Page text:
Mel Robin is the author of a 1500 page book titled, A Handbook for Yogasana Teachers, The Incorporation of Neuroscience, Physiology, and Anatomy into the Practice, he is about to publish a more comprehensive eBook in 2016. Mel has practiced yoga, studied and taught Iyengar yoga for the past thirty years. Mel started practicing yoga at age 50 and became passionate about the relationship between what is experienced in the physical postures of yoga (asana) and functions of the body, mind and emotions as put forth by western medicine.
Before learning yoga, Mel was Captain of the Gymnastics team at UCLA and worked as a Chemist for Bell Labs for 28 years. Mel combines his intellect, experience and knowledge of yoga to bring a western medical explanation to yoga postures in reasonable and logical ways.
In this Podcast we discuss:
Balancing in yoga postures
- Mental balance allows balancing in a yoga postures.
- To balance on one foot in a yoga posture focus on the ankle. Freeze other body joints and keep the ankle joint loose and in focus.
- Find a stationary spot across the room and hold it in your center of vision.
- Vision is an important part of balancing.
- It is easier to balance with eyes closed in headstand, than eyes closed in a standing balance. And this is because your head is not moving in headstand.
The progression of a yoga posture series, the effect on nervous system and how a student feels after class.
Stress or anxiety causes the sympathetic nervous system to react to a perceived threat. The physical reaction is a defensive posture, the of release chemicals, increasing your heart rate, the chest collapses, ribs pull down to your pelvis, shoulders roll forward, body hunches over, muscles contract in the abdomen. Reaction to stress and anxiety is very quickly (fight or flight response).
The calming, “rest and digest” nervous system is the parasympathetic nervous system. The parasympathetic nervous system reacts more slowly (in15 to 30 minutes).
Yoga postures can stimulate the sympathetic or the parasympathetic nervous systems and a sustained yoga practice will foster better control of the stimulus and response of the body’s nervous systems.
Most useful and healthy is being able to activate both the sympathetic and parasympathetic nervous systems. Best to be able to activate the nervous system most appropriate for a given situation. To fire-up when needed, or to relax when needed.
The progression of a yoga class: Parasympathetic postures à sympathetic postures à parasympathetic postures.
Ending a yoga class in a parasympathetic mode leaves a student feeling satisfied and happy walking out of class. A good reason to stay for Savasana! (lying on your back at the end of class.
Remodel stress and anxiety in your mind as a challenge rather than a threat. A challenge will not cause the same excitation of the sympathetic nervous system.
Yoga Posture: Open up your chest (sometimes referred to as “open up your heart”). Mel prefers the physiological description and directs students to; lift your chest, drop your shoulder blades, move your arms so that your shoulder blades push into the back of your chest from behind. Then lift and open your chest.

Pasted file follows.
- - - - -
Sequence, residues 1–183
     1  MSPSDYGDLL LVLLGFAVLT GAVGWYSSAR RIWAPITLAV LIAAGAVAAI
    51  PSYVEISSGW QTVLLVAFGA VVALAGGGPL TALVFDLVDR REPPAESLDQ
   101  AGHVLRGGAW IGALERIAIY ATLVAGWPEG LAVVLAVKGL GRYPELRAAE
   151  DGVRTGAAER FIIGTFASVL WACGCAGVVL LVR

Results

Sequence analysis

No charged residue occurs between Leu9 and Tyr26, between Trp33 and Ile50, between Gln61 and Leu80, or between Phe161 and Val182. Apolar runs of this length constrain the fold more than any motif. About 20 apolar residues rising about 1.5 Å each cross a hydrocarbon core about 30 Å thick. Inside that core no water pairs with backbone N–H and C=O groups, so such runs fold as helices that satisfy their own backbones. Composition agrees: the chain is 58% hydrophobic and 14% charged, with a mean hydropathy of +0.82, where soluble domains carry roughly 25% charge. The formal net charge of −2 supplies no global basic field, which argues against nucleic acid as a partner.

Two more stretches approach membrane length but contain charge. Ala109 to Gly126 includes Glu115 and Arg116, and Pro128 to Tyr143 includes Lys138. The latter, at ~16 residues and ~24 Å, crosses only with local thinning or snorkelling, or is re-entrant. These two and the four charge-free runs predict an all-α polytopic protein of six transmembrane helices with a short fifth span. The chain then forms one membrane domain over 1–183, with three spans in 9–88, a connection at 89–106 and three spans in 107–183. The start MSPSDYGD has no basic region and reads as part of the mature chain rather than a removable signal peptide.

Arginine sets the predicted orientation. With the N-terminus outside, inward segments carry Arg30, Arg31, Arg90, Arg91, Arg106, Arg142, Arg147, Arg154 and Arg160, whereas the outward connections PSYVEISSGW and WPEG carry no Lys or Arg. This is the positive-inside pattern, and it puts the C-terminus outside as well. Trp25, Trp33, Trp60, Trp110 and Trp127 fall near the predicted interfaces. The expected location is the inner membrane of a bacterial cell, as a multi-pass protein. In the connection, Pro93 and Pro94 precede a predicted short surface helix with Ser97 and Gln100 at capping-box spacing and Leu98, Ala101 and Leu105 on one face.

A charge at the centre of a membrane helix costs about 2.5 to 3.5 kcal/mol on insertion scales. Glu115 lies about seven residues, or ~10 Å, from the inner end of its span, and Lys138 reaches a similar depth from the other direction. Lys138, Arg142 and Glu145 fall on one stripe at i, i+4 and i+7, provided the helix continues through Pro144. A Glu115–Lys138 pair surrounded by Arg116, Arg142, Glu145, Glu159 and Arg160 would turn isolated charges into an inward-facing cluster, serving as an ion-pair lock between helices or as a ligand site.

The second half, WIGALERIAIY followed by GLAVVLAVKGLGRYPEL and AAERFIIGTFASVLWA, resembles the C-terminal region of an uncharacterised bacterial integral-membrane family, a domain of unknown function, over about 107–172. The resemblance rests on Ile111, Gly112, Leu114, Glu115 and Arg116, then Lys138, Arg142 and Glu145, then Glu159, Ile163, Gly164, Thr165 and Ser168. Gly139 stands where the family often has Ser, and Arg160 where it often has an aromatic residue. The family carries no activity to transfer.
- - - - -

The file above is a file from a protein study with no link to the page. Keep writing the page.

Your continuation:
The lifting your chest motion is part of many yoga postures and over time cultivates better body posture including the strengthening and toning of back muscles.
Biomechanical Effects of Inversions – Blood returns blood to the heart through veins. When the body is in an inversion, gravity causes increased pressure in the blood returning to the heart. There is a sensor in the upper right atrium of the heart that reduces the heart rate and the force of the heart contraction, producing a relaxing effect.
If the student is a beginner, and fearful of an inversion, the “relaxing effect” may be offset by the stimulation of the sympathetic nervous system.
The relaxing effect of the shoulderstand is also, in part, due to sensors in the neck that sense the reduced blood flow to the head and correspondingly reduce the heart rate. The action of tilting the chin into the chest as part of the shoulderstand posture partially blocks blood flowing to the head and triggers the sensors to slow the heart rate.
The Mental Effects of Yoga
More awareness. Body, mind and emotions. The barrier is reduced between conscious action and subconscious action. More permeable. Conscious actions becomes subconscious. Subconscious actions become part of conscious actions.
For example, A new student may hold their breath when entering a difficult posture as a subconscious response. As a student progresses, breathing becomes consciously slow and even through all postures.
Mel talks about his personal yoga practice and the work he is doing to finish his book.
Mel Robin’s book is available on Amazon: A Handbook for Yogasana Teachers, The Incorporation of Neuroscience, Physiology, and Anatomy into the Practice
Mel’s New book is expected to be out this Summer (also available through Amazon) A 21st Century Yogasanalia, in Celebration of Yoga, Science and Medicine.